Here is a guest post from an anonymous Stand’er seeking feedback:
Recently, I’ve been asked to share my thoughts on Darfur as it stands today. That deadline has sharpened in my mind some of the questions I have on region right now. Obviously, situations change, and the Darfur we see today is not the same as that of four or five years ago.
Darfur has evolved to become far more complex than its original two- or three-sided conflict (the Government vs. one or two major rebel groups). I am also aware that rebel groups are guilty of adding to the chaos, having recruited child soldiers and engaged in acts of violence themselves (to what degree is an underreported issue). So, one question is, who much power does Sudan actually have to stop the violence? If the GoS suddenly wanted to bring peace to Darfur (and to its strained relations with South Sudan), would they be able to?
Given the painfully sluggish attempt to get 26,000 peacekeepers on the ground (I think we’ve reached about 50% of that goal), I am unclear on how much of this is Sudan’s fault, and how much is the fault of UN Member States. Certainly, the GoS has in the past shown a lot of intransigence, and back-and-forth on UNAMID–rejecting contributions by certain nations, and flip-flopping whether or not to accept UNAMID or componenets thereof. Where my knowledge lags is in Sudan’s actions of late–has the threat of ICC arrests made her more cooperative, or is this same-old, same-old? A final question is this: is targeted divestment still the right way to go with Sudan? Is it possible that it’s no longer the correct remedy for the problem?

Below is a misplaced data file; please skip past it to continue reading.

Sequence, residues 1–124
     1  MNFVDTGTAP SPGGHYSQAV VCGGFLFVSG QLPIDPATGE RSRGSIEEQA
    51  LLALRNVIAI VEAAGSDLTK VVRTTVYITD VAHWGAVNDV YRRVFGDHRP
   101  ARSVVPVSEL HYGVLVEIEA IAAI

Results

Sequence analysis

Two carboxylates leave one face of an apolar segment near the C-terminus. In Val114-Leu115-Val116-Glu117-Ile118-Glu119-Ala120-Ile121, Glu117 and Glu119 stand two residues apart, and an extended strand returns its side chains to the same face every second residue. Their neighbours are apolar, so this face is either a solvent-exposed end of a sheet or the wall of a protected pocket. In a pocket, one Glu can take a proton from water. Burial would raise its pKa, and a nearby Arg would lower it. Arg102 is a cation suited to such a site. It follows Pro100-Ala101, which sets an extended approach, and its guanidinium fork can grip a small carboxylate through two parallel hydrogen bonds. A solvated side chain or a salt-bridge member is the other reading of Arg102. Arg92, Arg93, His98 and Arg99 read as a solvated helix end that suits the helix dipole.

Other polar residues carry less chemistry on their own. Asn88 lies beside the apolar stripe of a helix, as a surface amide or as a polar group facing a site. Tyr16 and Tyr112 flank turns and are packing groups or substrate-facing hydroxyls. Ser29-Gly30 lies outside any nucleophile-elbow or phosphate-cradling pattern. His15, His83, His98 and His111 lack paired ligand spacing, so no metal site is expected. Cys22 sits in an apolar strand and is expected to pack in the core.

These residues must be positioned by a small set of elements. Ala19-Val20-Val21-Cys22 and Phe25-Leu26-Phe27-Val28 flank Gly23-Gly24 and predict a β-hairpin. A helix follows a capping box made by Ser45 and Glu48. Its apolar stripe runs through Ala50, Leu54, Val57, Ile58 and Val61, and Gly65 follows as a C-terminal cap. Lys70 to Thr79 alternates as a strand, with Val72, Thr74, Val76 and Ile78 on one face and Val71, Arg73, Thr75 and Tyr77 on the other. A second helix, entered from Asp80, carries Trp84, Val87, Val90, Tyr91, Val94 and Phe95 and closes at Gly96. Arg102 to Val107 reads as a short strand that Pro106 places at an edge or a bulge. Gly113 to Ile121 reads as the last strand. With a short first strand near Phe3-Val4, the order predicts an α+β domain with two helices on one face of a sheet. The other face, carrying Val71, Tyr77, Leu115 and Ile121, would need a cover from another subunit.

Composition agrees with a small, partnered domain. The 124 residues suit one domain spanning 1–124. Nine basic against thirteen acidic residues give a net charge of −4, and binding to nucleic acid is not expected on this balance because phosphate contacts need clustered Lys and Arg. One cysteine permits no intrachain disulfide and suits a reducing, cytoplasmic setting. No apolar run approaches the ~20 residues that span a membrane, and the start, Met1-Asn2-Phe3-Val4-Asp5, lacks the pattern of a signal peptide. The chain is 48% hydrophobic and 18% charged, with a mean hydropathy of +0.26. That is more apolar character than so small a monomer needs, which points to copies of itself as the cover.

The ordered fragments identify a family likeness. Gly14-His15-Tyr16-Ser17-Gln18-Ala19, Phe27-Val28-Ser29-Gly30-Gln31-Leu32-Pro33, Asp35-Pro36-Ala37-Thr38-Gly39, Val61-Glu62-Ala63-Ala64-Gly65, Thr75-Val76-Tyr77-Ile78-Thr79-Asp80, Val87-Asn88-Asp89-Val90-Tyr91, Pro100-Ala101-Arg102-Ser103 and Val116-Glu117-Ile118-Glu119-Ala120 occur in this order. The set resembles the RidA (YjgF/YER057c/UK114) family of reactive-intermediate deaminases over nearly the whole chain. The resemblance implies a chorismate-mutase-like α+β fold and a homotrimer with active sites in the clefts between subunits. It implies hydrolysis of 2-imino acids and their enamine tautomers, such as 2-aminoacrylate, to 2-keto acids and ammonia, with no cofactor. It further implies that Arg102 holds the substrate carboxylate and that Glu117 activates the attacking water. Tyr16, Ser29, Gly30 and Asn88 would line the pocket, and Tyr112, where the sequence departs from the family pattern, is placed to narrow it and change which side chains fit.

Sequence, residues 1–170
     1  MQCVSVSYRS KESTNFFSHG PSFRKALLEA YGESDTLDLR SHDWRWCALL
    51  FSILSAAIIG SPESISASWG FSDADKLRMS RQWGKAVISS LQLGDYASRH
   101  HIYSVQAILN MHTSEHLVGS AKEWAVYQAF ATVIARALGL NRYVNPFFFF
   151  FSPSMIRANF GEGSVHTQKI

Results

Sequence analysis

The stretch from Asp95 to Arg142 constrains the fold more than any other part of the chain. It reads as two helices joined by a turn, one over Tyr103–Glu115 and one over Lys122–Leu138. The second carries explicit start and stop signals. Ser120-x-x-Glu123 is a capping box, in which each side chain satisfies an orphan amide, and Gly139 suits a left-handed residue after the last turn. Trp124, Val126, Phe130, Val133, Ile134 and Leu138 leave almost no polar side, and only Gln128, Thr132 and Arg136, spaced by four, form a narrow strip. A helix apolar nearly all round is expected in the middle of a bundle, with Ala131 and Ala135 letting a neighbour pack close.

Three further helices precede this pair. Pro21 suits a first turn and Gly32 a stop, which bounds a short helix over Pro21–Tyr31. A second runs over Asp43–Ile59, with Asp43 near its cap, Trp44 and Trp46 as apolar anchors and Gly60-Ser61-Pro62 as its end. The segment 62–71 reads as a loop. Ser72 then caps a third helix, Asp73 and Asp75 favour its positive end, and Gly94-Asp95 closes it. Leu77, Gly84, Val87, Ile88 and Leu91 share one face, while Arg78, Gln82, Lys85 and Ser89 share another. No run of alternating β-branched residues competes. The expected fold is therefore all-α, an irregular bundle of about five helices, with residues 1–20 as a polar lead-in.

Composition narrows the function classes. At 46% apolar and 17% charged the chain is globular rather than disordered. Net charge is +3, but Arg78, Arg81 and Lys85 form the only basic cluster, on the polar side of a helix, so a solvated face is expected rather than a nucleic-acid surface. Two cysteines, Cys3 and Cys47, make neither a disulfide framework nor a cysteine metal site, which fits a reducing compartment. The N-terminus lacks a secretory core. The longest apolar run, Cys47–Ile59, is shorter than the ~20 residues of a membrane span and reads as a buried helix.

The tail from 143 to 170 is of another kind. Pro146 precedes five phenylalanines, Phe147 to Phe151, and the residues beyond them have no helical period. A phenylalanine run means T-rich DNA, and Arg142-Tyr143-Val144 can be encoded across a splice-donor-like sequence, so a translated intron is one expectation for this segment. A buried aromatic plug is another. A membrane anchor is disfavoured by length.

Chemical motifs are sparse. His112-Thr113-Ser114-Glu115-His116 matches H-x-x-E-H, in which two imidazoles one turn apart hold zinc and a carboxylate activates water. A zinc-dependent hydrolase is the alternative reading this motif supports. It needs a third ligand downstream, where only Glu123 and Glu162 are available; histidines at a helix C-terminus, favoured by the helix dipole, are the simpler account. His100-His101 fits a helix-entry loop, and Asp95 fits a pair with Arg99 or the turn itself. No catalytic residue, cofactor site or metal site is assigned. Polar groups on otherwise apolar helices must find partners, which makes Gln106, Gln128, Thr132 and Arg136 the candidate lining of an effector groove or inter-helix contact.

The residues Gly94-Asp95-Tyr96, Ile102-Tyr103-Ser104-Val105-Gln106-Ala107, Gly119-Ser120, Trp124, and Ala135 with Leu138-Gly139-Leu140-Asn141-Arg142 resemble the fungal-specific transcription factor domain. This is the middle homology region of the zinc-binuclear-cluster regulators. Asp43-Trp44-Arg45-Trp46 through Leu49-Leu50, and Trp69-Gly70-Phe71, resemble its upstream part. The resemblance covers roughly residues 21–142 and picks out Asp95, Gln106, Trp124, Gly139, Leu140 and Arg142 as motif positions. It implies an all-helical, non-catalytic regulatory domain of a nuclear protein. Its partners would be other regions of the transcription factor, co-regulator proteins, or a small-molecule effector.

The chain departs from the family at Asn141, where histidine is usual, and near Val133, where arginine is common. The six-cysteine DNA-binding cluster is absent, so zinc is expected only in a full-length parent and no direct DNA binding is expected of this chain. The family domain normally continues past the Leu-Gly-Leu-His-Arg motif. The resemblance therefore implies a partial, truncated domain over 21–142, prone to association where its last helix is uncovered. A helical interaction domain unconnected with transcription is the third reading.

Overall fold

Knowing who holds the most influence in Sudan should directly affect where we focus our activist energies. I have my own hunches on all this, but what better place than the Stand blog to ask my peers for some research help!
We’re in the thick of the holidays, but any links or responses you can give would help–short or long.
Here are a couple links to get us started:
Both place continued blame strongly on Khartoum. From the former, here is an interesting side note: “Since July this year the Government and specially the National Congress Party priority has sharply changed. The issue of the ICC Chief Prosecutor’s endeavour to indict President Omer al Bashir has become the only agenda in their calendar….[the GoS] has changed their instinct for common survival into individual concern for self-preservation. Every single one of them is looking back to see whether he has any link with the violations committed in the Darfur conflict and what responsibility he may have which could take him to The Hague. Some of the NCP leaders are even contemplating handing over President Bashir to save the Islamic movement. This movement recently elected Mr Ali Osman Taha to become its Secretary General, the post which used to be occupied by Dr Hassan al Turabi before the 1999 split.”